I am like so many others: I spent quite a bit of my life playing music in bars, surrounded by booze, dope, coke and more. Drunks, they get loud, they get mean, they argue the same thing over and over as if they've never said it before, louder and louder as if volume equates to truth. Coke? I watched Robert and Kyle do line after line and talk about politics as I sat after hours in Kyle's bar: their discussion was addled, but fervent. They were full of rapid-fire shit. Eventually Kyle snorted all his profits and lost his bar.
     I used to be the designated driver for Chris and Janice and Shelly-they'd drop acid and we'd do Disneyworld. I dug the Hall of Presidents, they'd freak at the Pirates of the Caribbean and would achieve epiphanies watching a six-foot Mickey wave to kids.
     Chris is now a successful architect in Colorado. Janice went to work for the Nuclear Regulatory Commission (obviously her brain had been damaged), Shelly has a family and a boutique. Bill is a judge. Last year Robert put a gun to his head and pulled the trigger.
     In '78, when I had long hair and a maroon '67 Mercedes, I was mistaken for Mike, a drug dealer who also had long hair and a maroon '67 Mercedes. I repainted mine blue and cut my hair shorter. I don't know if Mike is still alive.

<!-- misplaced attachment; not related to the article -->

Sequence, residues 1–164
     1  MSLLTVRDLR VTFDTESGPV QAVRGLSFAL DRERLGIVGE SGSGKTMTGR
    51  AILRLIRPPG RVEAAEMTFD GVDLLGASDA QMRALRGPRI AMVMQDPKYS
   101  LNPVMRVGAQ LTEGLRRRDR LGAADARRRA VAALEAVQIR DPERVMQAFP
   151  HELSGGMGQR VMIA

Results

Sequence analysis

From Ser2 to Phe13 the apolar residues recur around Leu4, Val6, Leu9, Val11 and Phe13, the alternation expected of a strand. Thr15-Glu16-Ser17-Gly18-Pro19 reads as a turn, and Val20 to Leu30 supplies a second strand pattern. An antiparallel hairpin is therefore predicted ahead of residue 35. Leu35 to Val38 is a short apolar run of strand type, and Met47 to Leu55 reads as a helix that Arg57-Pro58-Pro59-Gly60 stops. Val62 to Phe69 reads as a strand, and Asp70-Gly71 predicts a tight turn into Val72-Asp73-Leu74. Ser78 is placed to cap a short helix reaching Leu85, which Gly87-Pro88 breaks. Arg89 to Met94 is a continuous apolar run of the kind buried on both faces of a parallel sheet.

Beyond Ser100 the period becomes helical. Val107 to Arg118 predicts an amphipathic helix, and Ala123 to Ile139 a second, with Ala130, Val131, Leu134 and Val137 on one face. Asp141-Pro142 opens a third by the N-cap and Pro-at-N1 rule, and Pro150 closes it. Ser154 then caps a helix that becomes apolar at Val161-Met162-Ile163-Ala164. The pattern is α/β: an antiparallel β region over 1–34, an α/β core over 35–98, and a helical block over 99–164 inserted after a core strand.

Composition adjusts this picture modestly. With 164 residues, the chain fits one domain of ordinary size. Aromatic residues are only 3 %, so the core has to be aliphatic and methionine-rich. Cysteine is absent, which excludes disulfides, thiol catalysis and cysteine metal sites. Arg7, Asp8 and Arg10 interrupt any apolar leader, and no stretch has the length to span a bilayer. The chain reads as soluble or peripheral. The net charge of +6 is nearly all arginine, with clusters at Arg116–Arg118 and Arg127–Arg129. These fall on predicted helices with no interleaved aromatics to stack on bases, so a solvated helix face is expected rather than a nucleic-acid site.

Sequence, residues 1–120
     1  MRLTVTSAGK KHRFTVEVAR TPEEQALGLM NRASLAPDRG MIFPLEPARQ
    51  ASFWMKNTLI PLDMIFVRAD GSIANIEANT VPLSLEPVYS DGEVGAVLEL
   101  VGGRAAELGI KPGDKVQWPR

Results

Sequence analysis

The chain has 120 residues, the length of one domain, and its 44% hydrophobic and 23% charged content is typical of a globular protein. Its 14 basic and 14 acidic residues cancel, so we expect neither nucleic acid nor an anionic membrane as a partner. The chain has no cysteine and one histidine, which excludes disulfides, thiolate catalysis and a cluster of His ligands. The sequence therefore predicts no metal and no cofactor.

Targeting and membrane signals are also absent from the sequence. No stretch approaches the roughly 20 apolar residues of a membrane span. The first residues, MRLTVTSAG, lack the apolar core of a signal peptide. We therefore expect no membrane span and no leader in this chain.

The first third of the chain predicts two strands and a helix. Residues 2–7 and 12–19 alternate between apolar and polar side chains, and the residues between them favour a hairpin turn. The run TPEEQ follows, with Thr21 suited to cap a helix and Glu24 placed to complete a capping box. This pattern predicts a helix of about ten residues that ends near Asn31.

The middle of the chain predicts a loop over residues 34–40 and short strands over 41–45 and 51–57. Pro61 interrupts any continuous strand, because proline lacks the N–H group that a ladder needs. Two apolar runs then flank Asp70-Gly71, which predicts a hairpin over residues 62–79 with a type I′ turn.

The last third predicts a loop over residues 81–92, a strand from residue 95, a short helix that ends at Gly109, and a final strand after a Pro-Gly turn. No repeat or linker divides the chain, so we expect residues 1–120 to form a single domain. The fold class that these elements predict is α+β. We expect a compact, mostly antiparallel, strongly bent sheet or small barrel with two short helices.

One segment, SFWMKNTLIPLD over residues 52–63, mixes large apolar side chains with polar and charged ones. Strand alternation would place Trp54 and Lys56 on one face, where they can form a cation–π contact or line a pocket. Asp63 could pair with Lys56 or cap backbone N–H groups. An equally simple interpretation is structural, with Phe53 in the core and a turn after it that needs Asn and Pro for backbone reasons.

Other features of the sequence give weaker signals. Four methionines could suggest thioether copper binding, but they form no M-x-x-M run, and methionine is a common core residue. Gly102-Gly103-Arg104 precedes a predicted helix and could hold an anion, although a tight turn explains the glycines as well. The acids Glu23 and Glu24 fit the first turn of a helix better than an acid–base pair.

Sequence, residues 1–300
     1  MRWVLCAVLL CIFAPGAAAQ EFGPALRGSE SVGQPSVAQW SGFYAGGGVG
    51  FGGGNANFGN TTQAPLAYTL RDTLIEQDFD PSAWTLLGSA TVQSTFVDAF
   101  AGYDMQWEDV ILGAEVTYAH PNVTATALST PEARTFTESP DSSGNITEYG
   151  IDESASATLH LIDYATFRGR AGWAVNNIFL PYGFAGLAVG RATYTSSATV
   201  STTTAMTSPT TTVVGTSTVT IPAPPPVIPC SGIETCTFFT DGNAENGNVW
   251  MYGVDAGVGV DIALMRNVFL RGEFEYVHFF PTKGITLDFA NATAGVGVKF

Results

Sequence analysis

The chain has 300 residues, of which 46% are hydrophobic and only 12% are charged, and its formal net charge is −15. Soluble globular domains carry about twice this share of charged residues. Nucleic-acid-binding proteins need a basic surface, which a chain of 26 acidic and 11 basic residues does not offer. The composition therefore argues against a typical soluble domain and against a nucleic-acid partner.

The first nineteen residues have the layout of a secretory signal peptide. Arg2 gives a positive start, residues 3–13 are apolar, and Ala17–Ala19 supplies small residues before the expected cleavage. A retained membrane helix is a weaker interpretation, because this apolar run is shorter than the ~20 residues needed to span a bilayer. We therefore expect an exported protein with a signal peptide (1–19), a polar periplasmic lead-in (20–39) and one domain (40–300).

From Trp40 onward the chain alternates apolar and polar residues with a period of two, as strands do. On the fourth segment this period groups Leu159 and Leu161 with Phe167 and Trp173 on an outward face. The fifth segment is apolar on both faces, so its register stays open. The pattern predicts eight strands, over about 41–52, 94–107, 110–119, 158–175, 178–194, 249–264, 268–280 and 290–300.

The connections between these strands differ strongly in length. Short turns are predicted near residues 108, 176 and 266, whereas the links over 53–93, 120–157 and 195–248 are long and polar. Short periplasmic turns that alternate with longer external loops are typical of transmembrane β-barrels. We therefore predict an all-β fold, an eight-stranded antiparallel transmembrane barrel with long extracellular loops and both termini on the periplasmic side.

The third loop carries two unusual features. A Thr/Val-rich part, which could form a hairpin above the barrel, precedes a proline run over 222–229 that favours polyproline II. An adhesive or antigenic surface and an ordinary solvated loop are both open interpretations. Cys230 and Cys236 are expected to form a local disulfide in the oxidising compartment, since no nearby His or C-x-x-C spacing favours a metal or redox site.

At the 20-year reunion of my high school class (of '70) everyone was still alive: no one got killed in Nam, no one died of drugs, alcohol, or AIDs.
     "We are all outlaws in the eyes of America."
     Recently my friend Scott, a political activist who was shot by the police after beating a Conspiracy indictment by the Feds, said this: "Here's the thing about the Drug War. They can't even keep drugs out of the prisons. Think about it."
     Apparently possession of a crack pipe is a crime. When I was called for jury duty two years ago the charge against the man was "possession of drug paraphernalia"-not the drug itself, just the paraphernalia. The judge asked us around ten questions:
     Did I have any friends or relatives who had ever done drugs? Do any have drinking problems? Did I have any friends or relatives who had ever been arrested for drugs? Have any been arrested for other crimes? Did I know any police officers?
     And the kicker: Could I vote to convict on the merits of the case even if I disagreed with the law?
     She might as well have asked if I lived in America. I have known cops and drug-dealers, have counted several among my friends-used to play racquetball with the Chief of Police, had a drug-dealer supply me with a .38 when my life was threatened. I've had friends arrested for drugs, and for evading the draft, and for crossing state lines to incite to riot. And quite a few friends of mine have had drinking problems; some quit.
     I could have been arrested in '71, when the band I was in was driving back from a gig in north Georgia. Not a healthy scene. We're four longhaired musicians deep in the redneck country, on a quiet two-lane blacktop at 3am. We tossed the bag of dope out of the car as we pulled to a stop. The cops searched the embankment but didn't find it and let us go. I could've been arrested a year later when I was riding in Matt's car on Long Island. Matt talked the cop out of anything more than a warning. An arrest in either case would've changed my life, and not for the better. "We are all outlaws in the eyes of America"